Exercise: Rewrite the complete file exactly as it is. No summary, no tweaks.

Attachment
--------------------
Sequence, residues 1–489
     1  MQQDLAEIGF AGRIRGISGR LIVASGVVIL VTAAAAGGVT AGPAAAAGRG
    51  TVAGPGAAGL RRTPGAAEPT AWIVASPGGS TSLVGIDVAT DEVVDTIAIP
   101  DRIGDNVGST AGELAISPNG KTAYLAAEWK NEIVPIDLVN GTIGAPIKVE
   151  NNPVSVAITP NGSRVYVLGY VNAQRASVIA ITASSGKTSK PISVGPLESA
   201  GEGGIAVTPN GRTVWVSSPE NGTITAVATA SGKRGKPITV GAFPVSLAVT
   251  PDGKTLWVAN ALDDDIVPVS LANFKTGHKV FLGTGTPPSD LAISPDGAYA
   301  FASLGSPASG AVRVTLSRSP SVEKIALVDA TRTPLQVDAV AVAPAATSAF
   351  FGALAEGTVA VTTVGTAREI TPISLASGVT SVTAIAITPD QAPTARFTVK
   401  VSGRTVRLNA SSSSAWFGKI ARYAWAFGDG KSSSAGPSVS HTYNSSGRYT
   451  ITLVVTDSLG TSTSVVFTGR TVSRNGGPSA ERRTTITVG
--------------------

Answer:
Sequence, residues 1–489
     1  MQQDLAEIGF AGRIRGISGR LIVASGVVIL VTAAAAGGVT AGPAAAAGRG
    51  TVAGPGAAGL RRTPGAAEPT AWIVASPGGS TSLVGIDVAT DEVVDTIAIP
   101  DRIGDNVGST AGELAISPNG KTAYLAAEWK NEIVPIDLVN GTIGAPIKVE
   151  NNPVSVAITP NGSRVYVLGY VNAQRASVIA ITASSGKTSK PISVGPLESA
   201  GEGGIAVTPN GRTVWVSSPE NGTITAVATA SGKRGKPITV GAFPVSLAVT
   251  PDGKTLWVAN ALDDDIVPVS LANFKTGHKV FLGTGTPPSD LAISPDGAYA
   301  FASLGSPASG AVRVTLSRSP SVEKIALVDA TRTPLQVDAV AVAPAATSAF
   351  FGALAEGTVA VTTVGTAREI TPISLASGVT SVTAIAITPD QAPTARFTVK
   401  VSGRTVRLNA SSSSAWFGKI ARYAWAFGDG KSSSAGPSVS HTYNSSGRYT
   451  ITLVVTDSLG TSTSVVFTGR TVSRNGGPSA ERRTTITVG